Controversial health rating areas won’t change for 2015

By Katie Kerwin McCrimmon

Despite furor from members of Congress and residents in ski resort areas who face high health insurance costs, Colorado will not change its geographic ratings for 2015.

And Colorado’s Insurance Commissioner, Marguerite Salazar, said there is nothing she can immediately do to lower rates or alleviate sticker shock for residents from mountain communities in Summit, Garfield, Lake, Eagle and Pitkin Counties.

“It’s a really, really hard thing. I wish we could have come up with something,” said Salazar who plans to announce next week that her office has not proposed any changes to the geographic ratings.

“We kept going back to the drawing board,” Salazar said.

She and staff members modeled various impacts if they moved counties from one region to another. People in Garfield County have been especially angry because their historic costs are lower than nearby Pitkin, Eagle and Summit Counties, but they’re lumped in with the expensive resort counties for new insurance prices.

Had Colorado wanted to change its controversial map of 11 regions for 2015, Salazar would have had to notify federal officials by Jan. 1. She said she had no new data to warrant a change and therefore decided to stick with the 2014 geographic rating areas.

U.S. Rep. Jared Polis, D-Boulder, represents Summit County and last fall said he wanted Summit County grouped with lower-cost counties instead. Polis also wants waivers so people won’t be penalized if they skip buying costly health insurance this year. So far, no waivers have emerged for high-cost counties.

Salazar said she convened meetings with Congressional staffers along with insurance carriers, hospital representatives and cost experts to try to find a way to change the rating areas. But they are based on historic health costs. And costs in many mountain counties are much higher than those in urban areas along the Front Range. (Click here to read Remote care, monopolies and pricy injuries hike resort, rural health costs.)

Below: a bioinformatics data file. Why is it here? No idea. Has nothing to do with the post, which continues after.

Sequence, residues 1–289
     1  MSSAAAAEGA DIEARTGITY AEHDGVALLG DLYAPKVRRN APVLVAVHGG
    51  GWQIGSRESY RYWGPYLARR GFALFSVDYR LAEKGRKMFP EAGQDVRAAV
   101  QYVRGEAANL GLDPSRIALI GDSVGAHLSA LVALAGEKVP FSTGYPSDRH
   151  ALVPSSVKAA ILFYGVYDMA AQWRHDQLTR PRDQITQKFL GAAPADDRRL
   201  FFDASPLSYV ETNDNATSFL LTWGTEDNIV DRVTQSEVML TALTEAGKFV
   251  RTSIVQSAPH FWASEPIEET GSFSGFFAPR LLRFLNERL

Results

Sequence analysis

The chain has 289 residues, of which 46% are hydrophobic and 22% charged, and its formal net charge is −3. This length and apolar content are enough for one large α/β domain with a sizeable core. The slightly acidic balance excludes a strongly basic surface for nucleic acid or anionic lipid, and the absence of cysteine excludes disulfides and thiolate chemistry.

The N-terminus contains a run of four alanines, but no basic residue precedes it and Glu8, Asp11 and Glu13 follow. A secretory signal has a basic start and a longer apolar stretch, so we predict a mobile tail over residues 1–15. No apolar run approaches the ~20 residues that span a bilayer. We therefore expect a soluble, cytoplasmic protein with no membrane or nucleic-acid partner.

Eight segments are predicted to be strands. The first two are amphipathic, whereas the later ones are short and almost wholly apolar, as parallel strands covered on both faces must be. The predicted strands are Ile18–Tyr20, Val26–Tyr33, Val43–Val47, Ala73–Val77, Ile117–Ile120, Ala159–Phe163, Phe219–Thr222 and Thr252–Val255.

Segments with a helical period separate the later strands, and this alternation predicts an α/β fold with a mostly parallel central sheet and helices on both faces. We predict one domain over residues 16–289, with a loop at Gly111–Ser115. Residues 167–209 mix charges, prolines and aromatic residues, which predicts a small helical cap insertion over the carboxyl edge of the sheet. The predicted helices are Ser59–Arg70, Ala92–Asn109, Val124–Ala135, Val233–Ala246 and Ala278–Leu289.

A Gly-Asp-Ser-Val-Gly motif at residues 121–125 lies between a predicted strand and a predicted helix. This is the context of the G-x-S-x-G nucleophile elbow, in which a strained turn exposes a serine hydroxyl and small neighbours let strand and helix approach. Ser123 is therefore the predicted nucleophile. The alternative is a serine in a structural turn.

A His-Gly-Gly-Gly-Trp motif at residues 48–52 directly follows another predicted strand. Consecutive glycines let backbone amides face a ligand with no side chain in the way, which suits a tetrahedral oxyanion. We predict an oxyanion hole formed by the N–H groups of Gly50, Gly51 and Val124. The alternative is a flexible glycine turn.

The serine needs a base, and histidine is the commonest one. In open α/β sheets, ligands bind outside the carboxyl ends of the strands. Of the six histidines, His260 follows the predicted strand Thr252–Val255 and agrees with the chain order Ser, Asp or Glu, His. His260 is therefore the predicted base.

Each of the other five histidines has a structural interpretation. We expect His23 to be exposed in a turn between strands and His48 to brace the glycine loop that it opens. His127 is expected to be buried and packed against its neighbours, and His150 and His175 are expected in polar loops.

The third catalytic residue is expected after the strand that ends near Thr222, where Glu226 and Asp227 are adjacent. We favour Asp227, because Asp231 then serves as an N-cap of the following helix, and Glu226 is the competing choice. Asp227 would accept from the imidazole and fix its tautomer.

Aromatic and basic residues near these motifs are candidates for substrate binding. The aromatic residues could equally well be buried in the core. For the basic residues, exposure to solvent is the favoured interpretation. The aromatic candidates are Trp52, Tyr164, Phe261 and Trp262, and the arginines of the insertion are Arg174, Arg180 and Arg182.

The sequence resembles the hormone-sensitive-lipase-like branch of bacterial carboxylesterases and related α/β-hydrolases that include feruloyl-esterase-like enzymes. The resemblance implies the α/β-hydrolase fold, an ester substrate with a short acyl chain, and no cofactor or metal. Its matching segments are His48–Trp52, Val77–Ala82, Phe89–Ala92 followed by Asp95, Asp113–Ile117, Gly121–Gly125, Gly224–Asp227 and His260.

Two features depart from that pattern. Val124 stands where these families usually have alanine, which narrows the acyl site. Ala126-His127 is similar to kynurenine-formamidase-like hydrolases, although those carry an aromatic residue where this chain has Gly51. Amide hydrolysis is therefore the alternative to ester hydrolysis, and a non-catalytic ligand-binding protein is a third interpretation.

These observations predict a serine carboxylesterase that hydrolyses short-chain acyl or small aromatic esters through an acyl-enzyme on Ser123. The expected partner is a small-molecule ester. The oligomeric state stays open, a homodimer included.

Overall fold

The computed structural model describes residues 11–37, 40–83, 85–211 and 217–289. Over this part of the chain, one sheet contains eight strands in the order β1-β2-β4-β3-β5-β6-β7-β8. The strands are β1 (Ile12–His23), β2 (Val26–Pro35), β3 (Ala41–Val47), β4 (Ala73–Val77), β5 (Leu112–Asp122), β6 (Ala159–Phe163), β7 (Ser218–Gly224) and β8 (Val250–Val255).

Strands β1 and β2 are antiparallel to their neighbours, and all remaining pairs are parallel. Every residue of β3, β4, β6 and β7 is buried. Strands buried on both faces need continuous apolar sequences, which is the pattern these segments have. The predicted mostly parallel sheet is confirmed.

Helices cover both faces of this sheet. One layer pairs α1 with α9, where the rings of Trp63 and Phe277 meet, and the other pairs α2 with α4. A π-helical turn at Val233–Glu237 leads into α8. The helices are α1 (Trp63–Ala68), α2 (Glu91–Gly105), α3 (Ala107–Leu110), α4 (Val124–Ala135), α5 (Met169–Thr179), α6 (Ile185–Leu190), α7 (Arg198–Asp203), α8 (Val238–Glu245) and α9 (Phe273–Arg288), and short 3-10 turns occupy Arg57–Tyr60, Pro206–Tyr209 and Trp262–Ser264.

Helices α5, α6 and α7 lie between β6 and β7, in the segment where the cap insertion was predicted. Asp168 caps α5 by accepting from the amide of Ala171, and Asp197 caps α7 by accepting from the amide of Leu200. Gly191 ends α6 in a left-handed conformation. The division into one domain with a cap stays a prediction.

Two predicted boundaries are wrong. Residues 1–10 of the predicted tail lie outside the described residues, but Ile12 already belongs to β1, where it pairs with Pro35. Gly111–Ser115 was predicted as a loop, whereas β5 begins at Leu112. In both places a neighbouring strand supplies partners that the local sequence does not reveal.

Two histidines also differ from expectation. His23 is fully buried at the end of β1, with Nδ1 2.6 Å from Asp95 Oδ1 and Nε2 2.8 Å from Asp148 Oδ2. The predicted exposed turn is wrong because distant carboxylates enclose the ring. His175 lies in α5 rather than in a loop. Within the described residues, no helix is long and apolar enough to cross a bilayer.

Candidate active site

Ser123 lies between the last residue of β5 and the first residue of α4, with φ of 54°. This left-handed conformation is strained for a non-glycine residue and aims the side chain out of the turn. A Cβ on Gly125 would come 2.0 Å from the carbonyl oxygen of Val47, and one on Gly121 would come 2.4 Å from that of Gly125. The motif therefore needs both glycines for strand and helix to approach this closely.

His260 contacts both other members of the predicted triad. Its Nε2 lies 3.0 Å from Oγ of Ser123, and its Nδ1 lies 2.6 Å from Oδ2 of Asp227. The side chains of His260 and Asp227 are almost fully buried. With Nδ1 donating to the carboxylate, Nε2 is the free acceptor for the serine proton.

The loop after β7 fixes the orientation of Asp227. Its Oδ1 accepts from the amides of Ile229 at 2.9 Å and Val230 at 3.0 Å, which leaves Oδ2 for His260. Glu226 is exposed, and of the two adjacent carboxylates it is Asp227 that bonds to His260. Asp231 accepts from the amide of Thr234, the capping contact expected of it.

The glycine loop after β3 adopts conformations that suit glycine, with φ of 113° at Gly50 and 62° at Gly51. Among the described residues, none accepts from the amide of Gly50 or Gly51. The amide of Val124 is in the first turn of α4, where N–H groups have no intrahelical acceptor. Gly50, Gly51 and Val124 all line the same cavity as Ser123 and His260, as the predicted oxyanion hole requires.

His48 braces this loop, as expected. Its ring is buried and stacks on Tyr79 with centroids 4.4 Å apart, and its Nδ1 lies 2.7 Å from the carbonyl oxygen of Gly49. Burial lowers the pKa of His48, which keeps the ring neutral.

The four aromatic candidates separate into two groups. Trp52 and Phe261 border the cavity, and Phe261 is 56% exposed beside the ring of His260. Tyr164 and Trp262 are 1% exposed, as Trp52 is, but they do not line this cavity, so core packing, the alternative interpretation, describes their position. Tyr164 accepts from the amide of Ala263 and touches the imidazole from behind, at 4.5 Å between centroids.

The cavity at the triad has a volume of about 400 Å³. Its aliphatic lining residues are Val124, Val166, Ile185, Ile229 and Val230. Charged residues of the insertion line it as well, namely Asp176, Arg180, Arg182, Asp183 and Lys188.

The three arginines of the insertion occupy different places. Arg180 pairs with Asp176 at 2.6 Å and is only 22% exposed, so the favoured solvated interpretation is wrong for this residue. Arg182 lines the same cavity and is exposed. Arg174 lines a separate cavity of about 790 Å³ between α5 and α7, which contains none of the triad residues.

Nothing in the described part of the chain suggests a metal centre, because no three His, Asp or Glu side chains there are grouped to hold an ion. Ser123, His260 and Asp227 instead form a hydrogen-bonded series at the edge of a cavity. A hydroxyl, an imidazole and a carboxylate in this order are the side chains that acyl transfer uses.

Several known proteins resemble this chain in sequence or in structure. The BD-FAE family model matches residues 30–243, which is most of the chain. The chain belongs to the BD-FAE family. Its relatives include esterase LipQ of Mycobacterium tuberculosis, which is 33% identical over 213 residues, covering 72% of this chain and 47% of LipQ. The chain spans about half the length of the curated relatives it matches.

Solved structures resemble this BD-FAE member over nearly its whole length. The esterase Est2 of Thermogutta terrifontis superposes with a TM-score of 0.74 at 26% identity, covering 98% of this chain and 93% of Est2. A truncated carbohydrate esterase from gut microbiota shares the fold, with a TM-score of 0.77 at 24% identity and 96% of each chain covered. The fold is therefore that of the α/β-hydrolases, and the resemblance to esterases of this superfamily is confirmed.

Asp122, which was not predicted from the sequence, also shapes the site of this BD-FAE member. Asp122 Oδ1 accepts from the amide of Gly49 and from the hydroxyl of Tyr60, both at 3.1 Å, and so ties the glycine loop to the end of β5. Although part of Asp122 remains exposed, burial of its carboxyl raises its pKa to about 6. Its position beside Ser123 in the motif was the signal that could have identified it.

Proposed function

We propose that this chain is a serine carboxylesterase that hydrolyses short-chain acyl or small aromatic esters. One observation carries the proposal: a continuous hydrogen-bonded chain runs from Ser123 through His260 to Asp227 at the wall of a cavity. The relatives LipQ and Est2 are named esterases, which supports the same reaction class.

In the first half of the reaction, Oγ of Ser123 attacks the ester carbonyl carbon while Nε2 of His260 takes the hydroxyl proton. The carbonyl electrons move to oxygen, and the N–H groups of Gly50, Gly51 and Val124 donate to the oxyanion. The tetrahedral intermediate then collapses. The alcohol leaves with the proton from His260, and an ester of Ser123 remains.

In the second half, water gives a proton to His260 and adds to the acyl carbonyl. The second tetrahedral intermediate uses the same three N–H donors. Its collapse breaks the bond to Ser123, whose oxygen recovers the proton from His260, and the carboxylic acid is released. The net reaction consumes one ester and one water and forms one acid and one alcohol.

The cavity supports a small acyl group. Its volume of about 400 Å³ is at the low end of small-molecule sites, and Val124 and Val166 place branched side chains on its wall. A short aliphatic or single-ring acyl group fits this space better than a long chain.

Both Gov. John Hickenlooper and Commissioner Salazar also considered a single rating area for the entire state, but found that one rating area would have unfairly foisted higher costs on people who live in lower cost areas.

Salazar also feared that a single statewide rating area would have reduced competition among health insurance carriers in the state.

“Colorado could end up with two carriers and everybody else would fall by the wayside. Costs would start going up and everybody’s rates would increase,” Salazar said.

“The competition among all of these areas is much better than it ever was before,” Salazar said.

For the first time, however, people in expensive parts of the state are now able to see exactly how much more they are paying than those in lower-cost areas.

“It is the beauty of transparency. But it’s also making people really angry,” Salazar said.

She pointed out that the insurance companies set the costs and her agency has the right to review and approve or deny them, but does not determine exactly what people pay for insurance.

Hickenlooper asked Salazar to do a study on why health costs are so much higher in resort areas and other parts of Colorado. She plans to use money from a $3 million federal grant designed to strengthen insurance rate review in states. She said she hopes to complete the study by May.

“We just lack information on costs,” Salazar said. “Why are these costs so different? We’re on a mission to find this out.”




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